Lawmakers Call for Unity After Synagogue Shooting

Republican and Democratic lawmakers called for unity on Sunday, following a deadly shooting in a Pittsburgh synagogue that killed 11 people.

Lawmakers from both parties agreed that tensions have lately reached a boiling point, culminating with a string of attempted bomb attacks against prominent political and public figures and the devastating shooting. They further conceded that the fierce rhetoric from their members must be done away with.

“No one should be politicizing what happened this week,” said Representative Ben Ray Luján, the chairman of the Democratic Congressional Campaign Committee. “We should come together as a country. This should not be a political response, but rather a response at how we can further bring us together.”

The chairman of the National Republican Congressional Committee, Representative Steve Stivers made similar comments and said Democrats should not be seen as the enemy, but merely a political opponent.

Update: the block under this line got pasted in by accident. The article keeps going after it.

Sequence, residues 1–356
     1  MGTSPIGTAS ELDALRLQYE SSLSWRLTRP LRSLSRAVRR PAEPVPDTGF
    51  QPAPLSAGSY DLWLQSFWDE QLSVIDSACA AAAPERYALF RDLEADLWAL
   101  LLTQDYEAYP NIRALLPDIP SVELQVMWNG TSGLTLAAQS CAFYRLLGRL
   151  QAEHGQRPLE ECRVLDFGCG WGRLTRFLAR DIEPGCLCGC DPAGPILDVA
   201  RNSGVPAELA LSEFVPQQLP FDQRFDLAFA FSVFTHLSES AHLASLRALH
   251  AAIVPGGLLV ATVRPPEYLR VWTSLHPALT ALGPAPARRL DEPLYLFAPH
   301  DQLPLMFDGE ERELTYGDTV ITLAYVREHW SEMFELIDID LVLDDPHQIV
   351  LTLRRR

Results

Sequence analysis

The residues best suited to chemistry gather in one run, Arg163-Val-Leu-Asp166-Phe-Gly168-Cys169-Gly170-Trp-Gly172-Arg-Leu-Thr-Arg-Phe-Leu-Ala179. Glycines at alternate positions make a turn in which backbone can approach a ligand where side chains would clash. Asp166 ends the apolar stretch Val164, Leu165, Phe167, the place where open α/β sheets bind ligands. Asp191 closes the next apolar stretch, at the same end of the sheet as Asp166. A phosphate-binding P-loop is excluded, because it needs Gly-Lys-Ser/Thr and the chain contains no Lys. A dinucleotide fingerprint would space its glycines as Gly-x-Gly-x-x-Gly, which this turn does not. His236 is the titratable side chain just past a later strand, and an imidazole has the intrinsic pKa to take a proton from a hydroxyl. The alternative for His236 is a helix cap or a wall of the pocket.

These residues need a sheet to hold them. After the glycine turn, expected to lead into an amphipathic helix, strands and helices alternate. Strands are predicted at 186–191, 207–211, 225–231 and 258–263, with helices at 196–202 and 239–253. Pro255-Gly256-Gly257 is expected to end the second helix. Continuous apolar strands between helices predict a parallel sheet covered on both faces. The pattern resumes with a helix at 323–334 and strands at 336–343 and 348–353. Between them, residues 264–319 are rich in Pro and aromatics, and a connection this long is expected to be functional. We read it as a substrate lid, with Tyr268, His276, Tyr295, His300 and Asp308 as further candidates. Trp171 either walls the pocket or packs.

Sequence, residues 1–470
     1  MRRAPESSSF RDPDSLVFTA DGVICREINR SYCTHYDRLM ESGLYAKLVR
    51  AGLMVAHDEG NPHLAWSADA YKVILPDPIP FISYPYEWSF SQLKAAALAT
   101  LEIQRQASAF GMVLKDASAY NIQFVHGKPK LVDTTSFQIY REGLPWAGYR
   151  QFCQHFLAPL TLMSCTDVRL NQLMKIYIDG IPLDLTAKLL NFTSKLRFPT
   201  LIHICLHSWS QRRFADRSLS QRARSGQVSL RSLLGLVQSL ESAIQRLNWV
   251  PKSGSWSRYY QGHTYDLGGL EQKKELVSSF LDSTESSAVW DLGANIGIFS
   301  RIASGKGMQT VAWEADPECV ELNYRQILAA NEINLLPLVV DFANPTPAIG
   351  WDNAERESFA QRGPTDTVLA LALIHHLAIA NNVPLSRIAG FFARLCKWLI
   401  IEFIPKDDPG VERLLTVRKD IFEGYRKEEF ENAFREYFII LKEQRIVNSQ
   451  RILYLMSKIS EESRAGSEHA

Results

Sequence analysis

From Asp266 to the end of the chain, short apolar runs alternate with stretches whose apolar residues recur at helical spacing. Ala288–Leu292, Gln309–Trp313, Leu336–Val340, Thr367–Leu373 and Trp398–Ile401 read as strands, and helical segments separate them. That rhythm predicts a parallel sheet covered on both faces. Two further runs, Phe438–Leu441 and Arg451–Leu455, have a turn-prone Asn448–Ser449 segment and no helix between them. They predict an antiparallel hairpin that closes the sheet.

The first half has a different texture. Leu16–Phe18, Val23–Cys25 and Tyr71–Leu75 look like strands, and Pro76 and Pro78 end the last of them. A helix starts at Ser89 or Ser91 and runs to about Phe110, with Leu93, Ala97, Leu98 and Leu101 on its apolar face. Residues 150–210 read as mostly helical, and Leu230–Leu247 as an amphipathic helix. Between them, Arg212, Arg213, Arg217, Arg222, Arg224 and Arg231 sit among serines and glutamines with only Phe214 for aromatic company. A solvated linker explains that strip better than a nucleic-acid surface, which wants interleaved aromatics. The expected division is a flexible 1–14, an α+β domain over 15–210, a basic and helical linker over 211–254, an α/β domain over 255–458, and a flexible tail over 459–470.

“We need to come together and do what’s in the best interest of America. No matter who wins in 10 days I believe we can come together and make that happen,” he noted. “We all bear some responsibility, and we need to try to clean up our act and try to bring more civility to our Congress, and frankly, to our dialogue,” he added.

However, despite their calls for civility and unity, the two lawmakers also threw some accusations at each other as the midterm campaign enters its final full week before the November 6 election.

Stivers accused the DCCC of running “sleezy” ads and not pulling support for candidates who he claimed have made bigoted comments, while Lujan said the NRCC ran “racist” ads in some states. Stivers further defended an NRCC advertisement linking Minnesota Democratic candidate Dan Feehan to billionaire philanthropist George Soros, who is often deemed the donor who “bankrolls the ‘resistance’.” He maintained the ad was factual and had “nothing to do with calling for violence.”

Yet, their joint interview on NBC’s “Meet the Press” ended with both Representatives agreeing that the two sides need to tone down their rhetoric and stop the finger-pointing.

Be the first to comment

Leave a Reply

Your email address will not be published.